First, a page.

ANS is committed to advancing, fostering, and promoting the development and application of nuclear sciences and technologies to benefit society.
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Decommissioning & Environmental Sciences
The mission of the Decommissioning and Environmental Sciences (DES) Division is to promote the development and use of those skills and technologies associated with the use of nuclear energy and the optimal management and stewardship of the environment, sustainable development, decommissioning, remediation, reutilization, and long-term surveillance and maintenance of nuclear-related installations, and sites. The target audience for this effort is the membership of the Division, the Society, and the public at large.
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Nuclear Science and Engineering
Fusion Science and Technology
President's Profile Steven Arndt: Prioritizing participation and advocacy
Steven Arndt began his one-year term last month as president of the American Nuclear Society, bringing the same high level of energy, investment, and action he has exhibited throughout his career. Reflecting on a life spent improving nuclear safety and technology, he notes that it’s not just the work; it’s also about the people and building connections and relationships. Arndt fondly recalls Peter Lyons, former NRC commissioner, assistant secretary of energy for nuclear energy, and ANS board member who passed away in April 2021. “I have been incredibly lucky to know and work with some great people in our field, and almost to a person they have been like Pete Lyons,” Arndt said. “They have been gregarious, outgoing, and supportive.”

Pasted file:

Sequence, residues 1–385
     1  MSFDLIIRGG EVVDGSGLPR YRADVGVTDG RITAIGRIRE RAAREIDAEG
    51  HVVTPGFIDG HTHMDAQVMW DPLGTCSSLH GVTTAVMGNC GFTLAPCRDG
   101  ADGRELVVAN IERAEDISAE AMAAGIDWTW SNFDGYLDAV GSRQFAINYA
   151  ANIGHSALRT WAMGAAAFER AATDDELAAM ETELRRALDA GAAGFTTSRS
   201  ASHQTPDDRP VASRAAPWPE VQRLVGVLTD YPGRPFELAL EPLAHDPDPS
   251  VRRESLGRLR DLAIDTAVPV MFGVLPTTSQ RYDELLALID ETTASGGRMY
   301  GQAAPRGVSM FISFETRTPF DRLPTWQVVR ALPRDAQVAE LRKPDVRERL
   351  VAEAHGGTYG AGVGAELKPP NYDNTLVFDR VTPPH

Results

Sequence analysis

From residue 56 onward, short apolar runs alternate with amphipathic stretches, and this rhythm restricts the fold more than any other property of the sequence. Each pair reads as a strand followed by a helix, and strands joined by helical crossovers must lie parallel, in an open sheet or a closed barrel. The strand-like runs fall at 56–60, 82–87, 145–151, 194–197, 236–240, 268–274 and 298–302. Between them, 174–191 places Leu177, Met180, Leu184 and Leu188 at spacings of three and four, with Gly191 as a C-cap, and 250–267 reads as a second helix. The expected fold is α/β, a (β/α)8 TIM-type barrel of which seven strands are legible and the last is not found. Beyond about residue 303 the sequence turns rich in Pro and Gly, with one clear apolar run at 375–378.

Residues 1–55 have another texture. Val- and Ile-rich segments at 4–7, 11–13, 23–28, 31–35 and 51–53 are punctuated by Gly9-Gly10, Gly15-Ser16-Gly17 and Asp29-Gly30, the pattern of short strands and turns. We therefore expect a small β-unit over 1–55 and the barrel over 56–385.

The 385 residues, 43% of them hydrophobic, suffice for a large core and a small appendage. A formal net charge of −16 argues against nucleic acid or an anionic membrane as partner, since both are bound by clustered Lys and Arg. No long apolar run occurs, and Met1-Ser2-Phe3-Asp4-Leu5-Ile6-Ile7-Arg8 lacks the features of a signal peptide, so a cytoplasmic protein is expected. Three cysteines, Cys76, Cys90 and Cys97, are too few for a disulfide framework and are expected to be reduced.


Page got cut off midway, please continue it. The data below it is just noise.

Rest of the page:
Charles W. Forsberg
Nuclear Technology | Volume 166 | Number 1 | April 2009 | Pages 18-26
Technical Paper | Special Issue on Nuclear Hydrogen Production, Control, and Management | dx.doi.org/10.13182/NT09-A6964
Articles are hosted by Taylor and Francis Online.
The Hydrogen Intermediate and Peak Electrical System (HIPES) is a new proposed system that uses low-cost off-peak electricity or base-load nuclear energy to economically produce electricity for peak electrical demand, spinning reserve, and power regulation. HIPES has three major subsystems. Hydrogen and oxygen are produced from water using (a) off-peak electricity by methods such as electrolysis or (b) steady-state hydrogen production methods such as nuclear-hydrogen production with thermochemical cycles. The two gases are stored in large underground facilities using the same technologies used for the seasonal storage of natural gas. Peak electricity is produced by an advanced steam turbine with a burner that combines stored H2, O2, and water to produce high-pressure 1500°C steam, which serves as feed to a special high-temperature steam turbine with actively cooled blades. The steam plant efficiency is ~70%. HIPES power outputs can be rapidly varied to match changing electricity demand because the slow-response component of a traditional steam system (the boiler) has been eliminated. The economics are based on (a) the low cost of large-scale underground gas storage, (b) a low-capital-cost efficient method to convert hydrogen and oxygen into peak electricity (no steam boiler), and (c) the large differences in the prices of base-load and off-peak power relative to the premium prices paid for peak power production, spinning reserve, and power regulation. The technology, markets, and economics are described.